Battling and countering myths is, of course, something we skeptics do a lot, especially here at the Skeptoid podcast and blog. But once in a while, some organization outside of the skeptical circle also tackles the topic of countering common myths. No, this time I’m not talking about Playboy, but about the consulting company McKinsey.
In their July issue of their McKinsey Quarterly, they critically analyze three myths about learning. As others have said elsewhere (such as Jozef Van Giel, on his Belgian skeptical podcast Kritisch Denken) and as I’ve experienced myself, the workplace and HR are sadly riddled with a lot of myths and woo. So it is refreshing to see a respected institution like McKinsey tackle these. Hopefully this article gets read by a lot of people in charge.
McKinsey tackles here three “neuromyths,” common misperceptions linked to learning and the brain. They are not new to skeptics, but one needs to start somewhere, so that’s alright. Furthermore, a rare treat, the article also mentions its scientific sources.
The first belief is about the critical window of childhood. The myth here is that our brain is only flexible enough in its first few years to learn and to change, and that afterwards our development is more or less fixed. Now there are, of course, a couple of things we learn best as a child—such as language as a native speaker—but it is never too late to learn a language or any other skill. In the article, the authors (Artin Atabaki, Stacey Dietsch and Julia M. Sperling) also link this to mindfulness, a topic on which I generated some controversy. However, as mentioned here, it seems legit: mindfulness in a workplace situation can reduce stress and apparently some researchers see changes in the brain after eight weeks of practicing it. I can accept that, but getting well rested for eight weeks in a row will probably have the same effect.
The second myth is well known, namely the idle-brain theory. Claims abound that up to 80-90% of a brain is unused at any given moment. This is completely wrong; our brain is always active, though some regions might at a certain point be more active than others. Inactive parts of the brain would simply die off and disappear in a short evolutionary timeframe, since our brain eats up a lot of our resources. The article counters this myth and links it explicitly to learning. It says that we can learn not by tapping into unused sources of our brain but by freeing up our working memory to increase connections between nerve cells. This relates to a phenomenon of learning I discussed in an earlier post on learning and multitasking: you cannot actually multitask. Even just checking your phone (even on vibrate) will hinder learning. The McKinsey authors indicate that freeing up working memory by focussing on one task will aid in better learning. A wise lesson indeed!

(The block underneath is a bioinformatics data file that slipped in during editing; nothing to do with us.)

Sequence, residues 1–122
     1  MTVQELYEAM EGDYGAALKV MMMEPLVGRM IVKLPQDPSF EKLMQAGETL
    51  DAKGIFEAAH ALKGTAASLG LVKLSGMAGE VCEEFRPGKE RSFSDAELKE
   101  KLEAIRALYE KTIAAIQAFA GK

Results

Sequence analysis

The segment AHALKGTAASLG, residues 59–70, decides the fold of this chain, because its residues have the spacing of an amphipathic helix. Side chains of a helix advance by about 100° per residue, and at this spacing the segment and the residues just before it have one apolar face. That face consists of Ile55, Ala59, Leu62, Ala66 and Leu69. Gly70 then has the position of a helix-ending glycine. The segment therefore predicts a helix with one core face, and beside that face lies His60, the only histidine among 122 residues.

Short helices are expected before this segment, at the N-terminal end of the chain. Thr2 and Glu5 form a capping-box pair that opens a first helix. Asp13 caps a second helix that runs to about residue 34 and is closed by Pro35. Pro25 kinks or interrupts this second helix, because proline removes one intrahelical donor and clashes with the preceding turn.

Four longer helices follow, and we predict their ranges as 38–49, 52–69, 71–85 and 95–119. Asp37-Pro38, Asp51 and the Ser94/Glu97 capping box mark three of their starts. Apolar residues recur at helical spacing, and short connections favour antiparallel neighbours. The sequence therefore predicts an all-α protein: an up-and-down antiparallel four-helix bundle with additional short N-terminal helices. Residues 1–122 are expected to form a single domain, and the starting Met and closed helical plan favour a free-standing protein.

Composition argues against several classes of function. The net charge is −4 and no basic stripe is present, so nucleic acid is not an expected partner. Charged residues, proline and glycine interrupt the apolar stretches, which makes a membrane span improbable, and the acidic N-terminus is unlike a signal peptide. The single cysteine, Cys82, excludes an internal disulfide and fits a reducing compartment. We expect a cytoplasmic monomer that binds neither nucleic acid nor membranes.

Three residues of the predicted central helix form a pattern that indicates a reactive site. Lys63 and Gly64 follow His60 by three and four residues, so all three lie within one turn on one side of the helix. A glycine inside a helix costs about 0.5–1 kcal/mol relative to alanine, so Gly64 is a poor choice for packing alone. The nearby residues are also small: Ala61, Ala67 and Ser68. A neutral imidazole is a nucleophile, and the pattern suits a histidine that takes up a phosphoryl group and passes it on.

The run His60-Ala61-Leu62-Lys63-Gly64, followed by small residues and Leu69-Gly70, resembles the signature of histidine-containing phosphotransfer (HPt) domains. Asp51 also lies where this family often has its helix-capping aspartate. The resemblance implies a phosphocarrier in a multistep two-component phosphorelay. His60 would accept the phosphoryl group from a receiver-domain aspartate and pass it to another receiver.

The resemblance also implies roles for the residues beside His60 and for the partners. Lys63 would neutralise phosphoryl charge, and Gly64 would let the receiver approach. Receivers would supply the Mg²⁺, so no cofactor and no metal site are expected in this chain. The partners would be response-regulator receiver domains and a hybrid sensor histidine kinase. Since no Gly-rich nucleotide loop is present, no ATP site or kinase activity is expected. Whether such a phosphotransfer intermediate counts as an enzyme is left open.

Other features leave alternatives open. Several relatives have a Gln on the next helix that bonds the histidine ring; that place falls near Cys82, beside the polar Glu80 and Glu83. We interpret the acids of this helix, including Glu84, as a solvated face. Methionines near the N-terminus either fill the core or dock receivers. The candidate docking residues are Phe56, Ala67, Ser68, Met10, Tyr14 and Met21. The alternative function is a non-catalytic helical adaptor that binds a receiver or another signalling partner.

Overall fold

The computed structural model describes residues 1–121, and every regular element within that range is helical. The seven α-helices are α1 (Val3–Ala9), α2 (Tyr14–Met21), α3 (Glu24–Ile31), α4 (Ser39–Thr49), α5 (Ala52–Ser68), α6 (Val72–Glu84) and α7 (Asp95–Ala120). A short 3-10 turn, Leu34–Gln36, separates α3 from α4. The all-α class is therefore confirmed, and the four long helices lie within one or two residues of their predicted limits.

The third myth tackled by the McKinsey authors is the enduring left brain/right brain hypothesis, again something known to many skeptics. There is indeed no such thing as being dominantly analytical (left) or creative (right), and interestingly in a corporate context, there is no such thing as a preferred learning style for one or the other supposed “brain dominance.” I didn’t know it was that radical, namely that there are a multitude of learning methods, and the authors note that the best methods engage all senses.
The article ends by lamenting that there is still a lot of work to be done eradicating these myths, even in the face of solid scientific research. We know that feeling all too well…
In all, it’s a very interesting article that could have appeared on this blog or any skeptical outlet without any problem. The fact that it appears in a corporate publication is all the better, as it probably has a bigger reach.